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It starts with the teacher.

It’s helpful to fix a building, install a toilet, purchase texts and materials, maybe even provide some soccer balls for play. But without decent teaching, these things improve one’s environment but not one’s chances in life. That axiom holds true anywhere – in the U.S. and in Tanzania.

In Tanzania, the ability to find trained and dedicated teachers is daunting. Prestigious private schools can pay big money to get the cream of the crop – this leaves government and other private schools scrambling to attract teachers in a system short on both numbers and training.

So what can we do? We’re speaking to administrators at teacher’s colleges and working all other contacts (Kenya is a source of teachers as long as a work permit is obtained ) to build a solid, if limited, program of English, Kiswahili and math supplemented by other subjects at the Kilimahewa school. Targeting funds in this direction is a priority. Second, we are structuring one-semester internship opportunities that we can post at U.S. colleges. Education students could share some of the latest teaching techniques with the Tanzanian staff while learning how to teach without all the bells and whistles available in the U.S. – a great opportunity for all.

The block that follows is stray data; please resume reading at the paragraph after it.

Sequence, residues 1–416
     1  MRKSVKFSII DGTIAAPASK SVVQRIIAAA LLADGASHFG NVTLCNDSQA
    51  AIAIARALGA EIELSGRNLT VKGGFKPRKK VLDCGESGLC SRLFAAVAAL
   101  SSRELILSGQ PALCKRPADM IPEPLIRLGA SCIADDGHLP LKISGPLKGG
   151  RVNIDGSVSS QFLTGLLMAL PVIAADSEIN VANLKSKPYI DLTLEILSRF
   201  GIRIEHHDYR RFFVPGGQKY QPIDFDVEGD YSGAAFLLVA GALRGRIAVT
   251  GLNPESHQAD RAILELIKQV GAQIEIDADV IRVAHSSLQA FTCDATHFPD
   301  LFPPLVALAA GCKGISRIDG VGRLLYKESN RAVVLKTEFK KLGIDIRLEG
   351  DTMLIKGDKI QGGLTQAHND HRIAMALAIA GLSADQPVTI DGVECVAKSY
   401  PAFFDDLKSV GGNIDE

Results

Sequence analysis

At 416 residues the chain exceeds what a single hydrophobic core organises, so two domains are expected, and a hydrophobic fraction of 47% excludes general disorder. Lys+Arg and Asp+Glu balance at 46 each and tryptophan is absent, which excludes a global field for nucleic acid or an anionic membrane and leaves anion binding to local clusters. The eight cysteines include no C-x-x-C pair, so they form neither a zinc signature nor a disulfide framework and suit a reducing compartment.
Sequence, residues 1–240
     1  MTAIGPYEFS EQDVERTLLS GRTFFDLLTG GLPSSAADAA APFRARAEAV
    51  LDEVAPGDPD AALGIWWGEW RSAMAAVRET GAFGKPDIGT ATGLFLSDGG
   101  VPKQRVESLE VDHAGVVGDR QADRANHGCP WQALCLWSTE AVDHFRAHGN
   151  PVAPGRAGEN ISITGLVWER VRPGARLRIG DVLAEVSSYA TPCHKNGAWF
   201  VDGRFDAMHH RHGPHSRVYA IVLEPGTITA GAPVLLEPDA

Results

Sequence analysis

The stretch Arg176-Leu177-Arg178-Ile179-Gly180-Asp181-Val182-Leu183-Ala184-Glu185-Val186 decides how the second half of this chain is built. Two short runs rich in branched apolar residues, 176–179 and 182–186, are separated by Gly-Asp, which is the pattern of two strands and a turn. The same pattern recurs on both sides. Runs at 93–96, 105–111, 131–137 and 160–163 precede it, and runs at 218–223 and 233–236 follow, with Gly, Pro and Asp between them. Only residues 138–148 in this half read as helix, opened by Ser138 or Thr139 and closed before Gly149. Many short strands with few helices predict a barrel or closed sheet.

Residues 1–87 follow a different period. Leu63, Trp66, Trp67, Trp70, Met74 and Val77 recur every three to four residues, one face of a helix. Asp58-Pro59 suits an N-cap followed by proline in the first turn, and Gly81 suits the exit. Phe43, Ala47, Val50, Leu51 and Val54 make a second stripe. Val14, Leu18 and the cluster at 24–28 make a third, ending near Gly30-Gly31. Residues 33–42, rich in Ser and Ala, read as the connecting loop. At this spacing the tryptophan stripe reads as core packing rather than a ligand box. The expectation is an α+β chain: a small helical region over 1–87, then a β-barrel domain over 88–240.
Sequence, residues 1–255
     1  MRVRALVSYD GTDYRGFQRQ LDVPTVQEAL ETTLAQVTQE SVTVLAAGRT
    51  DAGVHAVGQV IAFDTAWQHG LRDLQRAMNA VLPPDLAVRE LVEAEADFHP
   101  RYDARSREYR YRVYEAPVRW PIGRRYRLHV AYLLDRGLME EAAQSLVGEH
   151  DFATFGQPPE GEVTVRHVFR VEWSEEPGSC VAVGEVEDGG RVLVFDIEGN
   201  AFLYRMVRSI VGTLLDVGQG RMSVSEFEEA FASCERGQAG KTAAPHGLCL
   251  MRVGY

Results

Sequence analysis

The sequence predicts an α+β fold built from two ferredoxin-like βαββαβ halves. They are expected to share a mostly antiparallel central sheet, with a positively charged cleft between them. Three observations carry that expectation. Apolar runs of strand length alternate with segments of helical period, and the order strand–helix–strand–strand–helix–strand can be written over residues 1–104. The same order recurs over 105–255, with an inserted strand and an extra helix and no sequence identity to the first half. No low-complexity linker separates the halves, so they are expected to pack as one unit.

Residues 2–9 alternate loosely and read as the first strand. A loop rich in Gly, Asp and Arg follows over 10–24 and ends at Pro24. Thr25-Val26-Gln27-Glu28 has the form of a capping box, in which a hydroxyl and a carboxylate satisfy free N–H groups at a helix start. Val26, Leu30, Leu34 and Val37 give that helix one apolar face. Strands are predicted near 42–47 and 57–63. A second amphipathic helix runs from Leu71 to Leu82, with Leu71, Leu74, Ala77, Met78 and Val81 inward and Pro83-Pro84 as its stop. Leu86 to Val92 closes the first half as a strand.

At its most basic level, sustainability comes from individuals whose education allows them to improve their own lives and better their societies. Good teachers are the key to sustainability.